Adams Family Correspondence, volume 5

John Adams to Abigail Adams 2d, 14 April 1783 JA AA2 John Adams to Abigail Adams 2d, 14 April 1783 Adams, John Adams, Abigail (daughter of JA and AA)
John Adams to Abigail Adams 2d
My dear daughter Paris, April 14th, 1783

By this time, I hope, your inclination to travel has abated, and the prospect of peace has made you more contented with your native country. You little know the difficulties of a voyage to Europe, even in time of profound peace. The elements are as unstable in peace as in war, and a sea life is never at first agreeable, nor ever without danger. In foreign countries few persons preserve their health; the difference of climate, of air, of manner of life, seldom fail to occasion revolutions in the constitution and produce disorders, very often violent, dangerous and fatal ones. Those who escape have a seasoning. Besides, the polite life in Europe is such an insipid round of head-dressing and play, as I hope will never be agreeable to you—or rather I hope you will detest it as beneath the character of a rational being, and inconsistent with the indispensable duties of life, those of a daughter, wife, or mother, and even those of a sister, friend, or neighbour.

Policy, which is but another word for imposture in these countries, encourages every species of frivolity and dissipation on purpose to divert people from reading and thinking. But in our country every encouragement ought to be given to reading and thinking, and, therefore, diversions should be very sparingly indulged.

You are now of an age, my dear, to think of your future prospects in life, and your disposition is more thoughtful and discreet than is common. I need not advise you to distinguish between virtues and amusements, between talents and fancy.

Your country is young, and advancing with more rapid strides than any people ever took before. She will have occasion for great abilities and virtues to conduct her affairs with wisdom and success. Your sex must preserve their virtue and discretion, or their brothers, husbands, and sons will soon lose theirs. The morals of our country are a sacred 124deposit, and let every youth, of either sex, beware that no part of the guilt of betraying it belongs to him.

Look not for fortune, honours, or amusements, these are all but trash. Look for the virtues of good citizens and good men; with these the others will do little good or no harm; without them they are nothing but vexation and a scourge.

I please myself with the fond hope of conversing with you soon at home. Your brother was at Hambourg on the 4th of April, but I hope is at the Hague by this time.1

Your affectionate father, John Adams

MS not found. Printed from (AA2, Jour. and Corr. , 2:22–24.)


JA had probably received the letters from Lagau, and from Parish & Thomson, both dated 4 April, at Hamburg (both Adams Papers), by this date, informing him that JQA was still in that city but would leave soon.

John Adams to Abigail Adams, 16 April 1783 JA AA John Adams to Abigail Adams, 16 April 1783 Adams, John Adams, Abigail
John Adams to Abigail Adams
My dearest Friend Paris April 16. 17831

It Seems as if Providence had ordered many Things for the last Months, in Such a manner as to put my Patience and Resignation to the Tryal. I dont know whether Jobs Tryals were more Severe. 1. Mr. John who was to have been at the Hague by Christmas has been detained at Stockholm, Copenhagen and Hamborough at which last Place he was on the 4. of this month, you may imagine my Anxiety about him. 2. Your Letters concerning Miss N. have given me as much Concern as they ought—not knowing the Character2 nor what to advise, but feeling all a Fathers Tenderness, longing to be at home that I might enquire and consider and take the Care I ought. 3. The Uncertain State of Things in England, leaving me idle, with nothing to do but Think of my Situation. 4. The Want of Intelligence from America, in Answer to the most important Dispatches both to the public and to me which ever crossed the seas, not one Word yet. 5. Standing here in Relation with two Personages at least in whom I can have no Confidence.3 Mr. Jay has been my only Consolation. In him I have found a Friend to his Country, without Alloy. I shall never forget him, nor cease to love him, while I live. He has been happier than I, having his Family with him, no Anxiety for his Children, and his Lady with him, to keep Up his Spirits. His Happiness in this particular, has made me more unhappy for what I know under the Seperation from mine.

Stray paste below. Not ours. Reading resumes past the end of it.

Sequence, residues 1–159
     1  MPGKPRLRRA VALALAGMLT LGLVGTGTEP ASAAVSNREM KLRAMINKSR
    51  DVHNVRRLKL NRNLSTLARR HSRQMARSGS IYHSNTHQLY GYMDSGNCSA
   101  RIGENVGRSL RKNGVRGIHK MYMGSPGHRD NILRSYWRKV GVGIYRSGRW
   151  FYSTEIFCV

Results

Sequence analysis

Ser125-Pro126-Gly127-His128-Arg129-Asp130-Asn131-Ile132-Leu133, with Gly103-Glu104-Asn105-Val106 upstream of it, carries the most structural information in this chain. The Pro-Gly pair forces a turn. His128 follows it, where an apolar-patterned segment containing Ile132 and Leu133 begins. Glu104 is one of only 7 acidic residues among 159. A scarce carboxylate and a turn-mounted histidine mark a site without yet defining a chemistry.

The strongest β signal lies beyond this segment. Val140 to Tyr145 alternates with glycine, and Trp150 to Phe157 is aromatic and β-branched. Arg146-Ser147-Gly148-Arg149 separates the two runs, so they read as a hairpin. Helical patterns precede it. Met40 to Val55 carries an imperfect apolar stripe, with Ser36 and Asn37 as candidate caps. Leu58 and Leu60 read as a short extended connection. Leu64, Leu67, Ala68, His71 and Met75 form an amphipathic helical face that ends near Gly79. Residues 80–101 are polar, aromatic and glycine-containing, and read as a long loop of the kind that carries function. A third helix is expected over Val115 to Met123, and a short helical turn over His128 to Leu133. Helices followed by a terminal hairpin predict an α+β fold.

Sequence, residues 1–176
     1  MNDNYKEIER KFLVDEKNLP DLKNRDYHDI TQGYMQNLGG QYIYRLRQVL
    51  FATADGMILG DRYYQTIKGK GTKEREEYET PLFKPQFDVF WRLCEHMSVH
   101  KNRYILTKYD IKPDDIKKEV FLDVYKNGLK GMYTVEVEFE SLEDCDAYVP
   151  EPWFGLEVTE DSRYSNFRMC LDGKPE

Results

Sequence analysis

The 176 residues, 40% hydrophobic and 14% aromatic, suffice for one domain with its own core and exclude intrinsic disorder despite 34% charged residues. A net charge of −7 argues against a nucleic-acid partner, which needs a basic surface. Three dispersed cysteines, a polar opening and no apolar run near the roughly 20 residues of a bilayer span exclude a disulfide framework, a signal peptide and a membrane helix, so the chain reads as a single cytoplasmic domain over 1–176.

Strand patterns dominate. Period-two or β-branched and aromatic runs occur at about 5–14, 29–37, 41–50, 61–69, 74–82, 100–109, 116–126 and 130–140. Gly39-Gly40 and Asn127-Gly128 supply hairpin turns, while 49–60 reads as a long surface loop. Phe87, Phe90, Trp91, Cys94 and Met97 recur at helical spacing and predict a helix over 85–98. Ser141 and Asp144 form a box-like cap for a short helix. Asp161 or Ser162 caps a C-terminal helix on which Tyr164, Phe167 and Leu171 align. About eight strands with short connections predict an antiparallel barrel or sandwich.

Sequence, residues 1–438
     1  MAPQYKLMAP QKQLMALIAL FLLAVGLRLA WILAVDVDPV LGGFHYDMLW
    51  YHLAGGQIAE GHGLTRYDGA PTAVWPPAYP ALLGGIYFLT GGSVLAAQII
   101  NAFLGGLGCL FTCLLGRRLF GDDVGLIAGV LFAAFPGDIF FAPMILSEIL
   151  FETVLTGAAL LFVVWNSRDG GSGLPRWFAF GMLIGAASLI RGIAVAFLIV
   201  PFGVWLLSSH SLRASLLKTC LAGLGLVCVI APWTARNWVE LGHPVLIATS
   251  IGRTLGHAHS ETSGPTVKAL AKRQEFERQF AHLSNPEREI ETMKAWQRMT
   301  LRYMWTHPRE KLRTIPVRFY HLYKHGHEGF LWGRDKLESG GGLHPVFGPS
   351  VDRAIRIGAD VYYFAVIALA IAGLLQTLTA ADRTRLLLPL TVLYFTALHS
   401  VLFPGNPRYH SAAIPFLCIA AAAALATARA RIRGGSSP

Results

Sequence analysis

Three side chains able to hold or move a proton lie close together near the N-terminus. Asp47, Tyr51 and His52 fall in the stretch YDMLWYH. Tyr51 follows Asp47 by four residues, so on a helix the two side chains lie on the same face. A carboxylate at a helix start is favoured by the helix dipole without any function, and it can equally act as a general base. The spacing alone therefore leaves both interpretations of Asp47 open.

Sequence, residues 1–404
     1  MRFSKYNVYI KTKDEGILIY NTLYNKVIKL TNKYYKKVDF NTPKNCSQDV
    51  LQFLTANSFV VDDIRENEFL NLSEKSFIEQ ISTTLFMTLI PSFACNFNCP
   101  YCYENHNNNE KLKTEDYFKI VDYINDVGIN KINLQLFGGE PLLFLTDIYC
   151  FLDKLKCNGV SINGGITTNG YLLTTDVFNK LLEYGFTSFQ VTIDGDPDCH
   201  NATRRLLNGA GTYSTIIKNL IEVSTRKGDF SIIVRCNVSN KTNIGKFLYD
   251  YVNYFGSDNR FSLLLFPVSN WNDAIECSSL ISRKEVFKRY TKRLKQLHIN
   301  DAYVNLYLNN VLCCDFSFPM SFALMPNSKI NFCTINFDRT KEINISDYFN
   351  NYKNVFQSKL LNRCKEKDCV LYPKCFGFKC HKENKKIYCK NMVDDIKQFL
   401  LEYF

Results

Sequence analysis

In answer to one of your Letters,4 I assure you that all the Money 125I advanced to the Prisoners in England was out of my own Pocket. I had at that time no Public Money in my Power. So that it may be paid to you if it is ever paid at all.

I am afraid that all the Money you have laid out in Vermont Lands is lost.5 You can ill afford it, I assure you. You are destined to be poor in your old Age, and therefore the more perfectly you reconcile your self to the Thought of it the better. Your Children have no Resource but in their own Labour. They will have this Advantage, they may labour a little for themselves, more than their Father could ever do, without betraying Trusts which it was his duty to Accept.

Adieu my dearest Frd Adieu.

RC (Adams Papers).


No evidence survives to suggest whether this letter or the one immediately following was composed first.


Royall Tyler.


Probably Benjamin Franklin and either Henry Laurens or the Comte de Vergennes.


That of 25 Oct. 1782, above; see note 8.


The editors are unaware of any information JA had in 1783 that AA's Vermont investment was unsound, although he was cool toward the idea from his first knowledge of it. See JA to AA, 12 Oct. 1782, note 6, above.